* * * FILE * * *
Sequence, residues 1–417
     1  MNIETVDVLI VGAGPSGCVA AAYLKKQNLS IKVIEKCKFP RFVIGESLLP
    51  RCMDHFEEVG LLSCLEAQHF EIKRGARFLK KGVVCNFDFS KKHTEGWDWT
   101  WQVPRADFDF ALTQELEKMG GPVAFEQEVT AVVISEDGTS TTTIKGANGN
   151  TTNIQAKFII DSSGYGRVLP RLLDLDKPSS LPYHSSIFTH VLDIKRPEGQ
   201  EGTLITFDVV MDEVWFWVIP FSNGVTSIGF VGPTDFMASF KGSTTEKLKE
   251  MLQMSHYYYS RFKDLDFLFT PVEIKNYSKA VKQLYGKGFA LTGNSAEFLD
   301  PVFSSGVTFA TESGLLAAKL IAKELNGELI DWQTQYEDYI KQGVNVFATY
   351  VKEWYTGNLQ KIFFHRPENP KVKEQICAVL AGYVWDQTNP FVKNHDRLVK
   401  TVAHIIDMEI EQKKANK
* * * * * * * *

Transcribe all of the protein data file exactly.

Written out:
Sequence, residues 1–417
     1  MNIETVDVLI VGAGPSGCVA AAYLKKQNLS IKVIEKCKFP RFVIGESLLP
    51  RCMDHFEEVG LLSCLEAQHF EIKRGARFLK KGVVCNFDFS KKHTEGWDWT
   101  WQVPRADFDF ALTQELEKMG GPVAFEQEVT AVVISEDGTS TTTIKGANGN
   151  TTNIQAKFII DSSGYGRVLP RLLDLDKPSS LPYHSSIFTH VLDIKRPEGQ
   201  EGTLITFDVV MDEVWFWVIP FSNGVTSIGF VGPTDFMASF KGSTTEKLKE
   251  MLQMSHYYYS RFKDLDFLFT PVEIKNYSKA VKQLYGKGFA LTGNSAEFLD
   301  PVFSSGVTFA TESGLLAAKL IAKELNGELI DWQTQYEDYI KQGVNVFATY
   351  VKEWYTGNLQ KIFFHRPENP KVKEQICAVL AGYVWDQTNP FVKNHDRLVK
   401  TVAHIIDMEI EQKKANK